Montana man chosen schools superintendent

Sean C. Morgan

The Sweet Home School Board hired a Montana educator, Tom Yahraes, as its new superintendent Monday evening.

Yahraes, 48, is CEO of Big Sky Discovery Academy in Big Sky, Mont. He will succeed Keith Winslow on July 1.

“It was a good process, and the committee was unanimous,” said Board Chairman Mike Reynolds.

The board voted 8-0 to hire Yahraes.

Present and voting yes were Jason Van Eck, Jenny Daniels, Chanz Keeney, Jason Redick, Reynolds, Carol Babcock, Debra Brown and Nick Augsburger. Angela Clegg was absent.

The board agreed to a three-year contract, paying $115,000 in salary during the first year, with four weeks of vacation and the same benefits package as other administrators.

Yahraes comes to Sweet Home by way of a career that routed through Montana,

Oregon, Alaska and back to Montana.

He grew up in northern Minnesota, in the middle of Chippewa National Forest, where his father was an outdoor educator. They lived at an outdoor education camp, while his father taught college students, adults and SWAT members.

He attended high school in Bemidji, Minn., famous as the legendary home of Paul Bunyan and Babe the Blue Ox.

“I grew up there,” Yahraes said. “I played all sports – fall, winter and spring.”

In northern Minnesota, people do two things, hockey or Nordic skiing, he said. He chose skiing, and competed in the Junior Olympics in 1984.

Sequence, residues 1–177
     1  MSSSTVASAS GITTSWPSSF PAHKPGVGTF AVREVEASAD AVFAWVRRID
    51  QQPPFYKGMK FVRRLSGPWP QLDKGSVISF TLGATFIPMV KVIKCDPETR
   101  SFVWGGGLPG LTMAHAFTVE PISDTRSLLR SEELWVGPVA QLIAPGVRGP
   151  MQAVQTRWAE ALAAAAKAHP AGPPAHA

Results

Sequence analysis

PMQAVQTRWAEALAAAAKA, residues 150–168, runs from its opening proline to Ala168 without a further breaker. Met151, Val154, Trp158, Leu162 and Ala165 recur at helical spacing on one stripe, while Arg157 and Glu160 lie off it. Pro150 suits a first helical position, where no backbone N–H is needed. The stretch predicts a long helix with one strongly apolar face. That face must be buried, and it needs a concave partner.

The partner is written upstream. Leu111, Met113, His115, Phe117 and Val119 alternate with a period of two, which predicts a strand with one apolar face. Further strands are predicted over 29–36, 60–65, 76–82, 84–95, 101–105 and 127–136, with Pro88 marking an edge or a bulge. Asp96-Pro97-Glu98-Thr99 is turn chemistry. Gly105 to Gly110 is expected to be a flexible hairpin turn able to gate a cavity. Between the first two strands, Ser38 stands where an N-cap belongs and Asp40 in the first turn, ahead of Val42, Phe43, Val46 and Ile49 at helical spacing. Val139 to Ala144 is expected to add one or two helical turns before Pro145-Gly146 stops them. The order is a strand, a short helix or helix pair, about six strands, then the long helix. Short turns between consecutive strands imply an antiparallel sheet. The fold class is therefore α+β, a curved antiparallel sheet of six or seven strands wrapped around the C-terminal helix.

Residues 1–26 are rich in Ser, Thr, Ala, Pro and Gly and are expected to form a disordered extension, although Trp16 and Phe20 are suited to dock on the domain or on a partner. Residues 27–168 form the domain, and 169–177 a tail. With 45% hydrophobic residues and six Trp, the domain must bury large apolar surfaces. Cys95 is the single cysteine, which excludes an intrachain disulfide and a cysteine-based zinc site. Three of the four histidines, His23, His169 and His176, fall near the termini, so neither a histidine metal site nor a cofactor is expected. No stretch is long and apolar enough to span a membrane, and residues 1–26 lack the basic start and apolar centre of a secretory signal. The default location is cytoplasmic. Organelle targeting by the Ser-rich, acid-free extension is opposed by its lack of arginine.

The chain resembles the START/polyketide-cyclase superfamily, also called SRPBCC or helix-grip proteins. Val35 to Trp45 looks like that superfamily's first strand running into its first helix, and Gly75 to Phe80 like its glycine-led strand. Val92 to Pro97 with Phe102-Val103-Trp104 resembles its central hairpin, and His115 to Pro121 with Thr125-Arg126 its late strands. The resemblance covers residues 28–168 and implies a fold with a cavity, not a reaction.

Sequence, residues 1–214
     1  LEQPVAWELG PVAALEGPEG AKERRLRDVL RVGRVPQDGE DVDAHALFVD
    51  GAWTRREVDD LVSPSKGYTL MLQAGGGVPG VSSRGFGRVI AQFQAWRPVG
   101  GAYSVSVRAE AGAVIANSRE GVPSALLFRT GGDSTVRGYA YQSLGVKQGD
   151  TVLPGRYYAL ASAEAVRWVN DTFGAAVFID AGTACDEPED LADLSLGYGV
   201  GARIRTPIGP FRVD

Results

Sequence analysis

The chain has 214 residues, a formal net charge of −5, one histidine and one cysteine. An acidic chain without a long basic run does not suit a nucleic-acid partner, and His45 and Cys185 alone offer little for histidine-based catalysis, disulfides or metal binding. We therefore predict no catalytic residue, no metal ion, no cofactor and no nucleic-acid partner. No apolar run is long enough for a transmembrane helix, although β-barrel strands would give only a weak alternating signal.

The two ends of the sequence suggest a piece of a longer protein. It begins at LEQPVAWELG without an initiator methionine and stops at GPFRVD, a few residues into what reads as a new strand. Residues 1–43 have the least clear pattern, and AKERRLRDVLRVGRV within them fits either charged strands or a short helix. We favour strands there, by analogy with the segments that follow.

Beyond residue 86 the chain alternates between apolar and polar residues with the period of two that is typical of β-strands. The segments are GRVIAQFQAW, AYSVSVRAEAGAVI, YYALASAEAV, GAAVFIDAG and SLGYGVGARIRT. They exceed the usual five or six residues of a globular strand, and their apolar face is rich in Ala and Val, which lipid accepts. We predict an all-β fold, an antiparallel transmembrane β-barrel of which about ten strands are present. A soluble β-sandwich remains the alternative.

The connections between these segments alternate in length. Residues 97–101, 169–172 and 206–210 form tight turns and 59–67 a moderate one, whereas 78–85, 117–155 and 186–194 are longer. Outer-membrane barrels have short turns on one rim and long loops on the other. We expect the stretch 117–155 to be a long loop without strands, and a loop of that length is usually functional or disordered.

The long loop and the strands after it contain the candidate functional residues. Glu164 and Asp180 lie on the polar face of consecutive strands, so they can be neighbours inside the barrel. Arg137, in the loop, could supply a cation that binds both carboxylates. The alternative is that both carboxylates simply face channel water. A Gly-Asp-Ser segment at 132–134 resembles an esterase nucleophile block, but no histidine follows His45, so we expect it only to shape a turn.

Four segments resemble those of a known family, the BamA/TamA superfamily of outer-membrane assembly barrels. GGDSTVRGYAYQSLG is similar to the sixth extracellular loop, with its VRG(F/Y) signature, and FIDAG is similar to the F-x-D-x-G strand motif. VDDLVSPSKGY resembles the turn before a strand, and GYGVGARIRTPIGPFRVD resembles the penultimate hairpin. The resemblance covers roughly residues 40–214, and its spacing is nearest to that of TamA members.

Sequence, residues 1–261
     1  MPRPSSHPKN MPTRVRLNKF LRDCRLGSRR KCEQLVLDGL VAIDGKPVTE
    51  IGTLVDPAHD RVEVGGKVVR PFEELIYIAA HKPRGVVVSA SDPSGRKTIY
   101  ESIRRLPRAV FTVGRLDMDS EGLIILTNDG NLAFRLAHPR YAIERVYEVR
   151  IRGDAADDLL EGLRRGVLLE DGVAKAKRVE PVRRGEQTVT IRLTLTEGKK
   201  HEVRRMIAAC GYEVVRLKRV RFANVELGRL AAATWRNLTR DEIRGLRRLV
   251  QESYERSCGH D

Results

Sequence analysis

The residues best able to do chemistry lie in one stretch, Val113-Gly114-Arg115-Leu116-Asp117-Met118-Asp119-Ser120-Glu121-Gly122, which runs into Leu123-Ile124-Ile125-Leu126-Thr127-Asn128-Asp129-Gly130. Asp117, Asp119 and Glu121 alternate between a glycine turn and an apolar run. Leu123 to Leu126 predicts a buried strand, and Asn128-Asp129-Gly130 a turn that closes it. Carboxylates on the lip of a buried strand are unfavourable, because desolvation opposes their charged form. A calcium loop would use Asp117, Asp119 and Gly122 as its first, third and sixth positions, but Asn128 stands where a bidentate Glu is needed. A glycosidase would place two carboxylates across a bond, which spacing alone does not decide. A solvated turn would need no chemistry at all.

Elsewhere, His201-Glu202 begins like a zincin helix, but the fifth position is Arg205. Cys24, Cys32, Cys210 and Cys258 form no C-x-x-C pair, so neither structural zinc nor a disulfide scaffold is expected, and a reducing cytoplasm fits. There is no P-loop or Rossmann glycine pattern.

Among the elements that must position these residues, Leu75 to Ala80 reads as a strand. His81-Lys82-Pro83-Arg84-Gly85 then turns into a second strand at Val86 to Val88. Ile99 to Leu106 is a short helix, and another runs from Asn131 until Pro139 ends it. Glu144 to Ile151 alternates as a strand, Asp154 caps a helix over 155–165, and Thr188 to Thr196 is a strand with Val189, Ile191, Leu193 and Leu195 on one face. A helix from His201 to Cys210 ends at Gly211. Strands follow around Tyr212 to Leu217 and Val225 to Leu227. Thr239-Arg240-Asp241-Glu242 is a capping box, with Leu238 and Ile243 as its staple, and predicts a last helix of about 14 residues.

He worked in timber-type jobs, like trimming trees, during the summer, he said. After high school, he wanted to take a break and pursue whatever interesting challenges and experiences he could. So he joined the U.S. Army and served in Germany from 1986 to 1989, leaving Germany just months prior to the fall of the Berlin Wall.

He served on the border guard as a member of the ready reaction force, Yahraes said. His job was to observe, protect and assist fleeing East Germans. On high alert, his unit was stationed in the Fulda Gap around Bad Hersfeld. The Fulda Gap was where western forces anticipated a potential Soviet-bloc invasion.

“I wanted the life experience and served the country,” Yahraes said. He was able to visit Europe, and “I was able to get the GI Bill.”

Returning to the United States, he spent eight years in the reserves and used the GI Bill to attend college, where he gradually gravitated toward education.

He started out majoring in literature and physical education, Yahraes said. He took education classes alongside his major. In education, he found “it was a thrill to help empower young adults and children to chase their dreams.”

He took a break for a couple of years and moved to Montana, where family lived and went to work at a service station, changing tires and servicing ranch tractors.

He completed his bachelor’s degree in English in 1996 at the University of Montana in Missoula. He taught language arts at Hellgate Middle School in Missoula and then at Stevensville (Mont.) High School from 1996 to 1997 before leaving Montana for the Alaskan Bush, where he taught at Anthony Andrew High School, part of the Bering Strait School District, in St. Michael on the west coast of Alaska.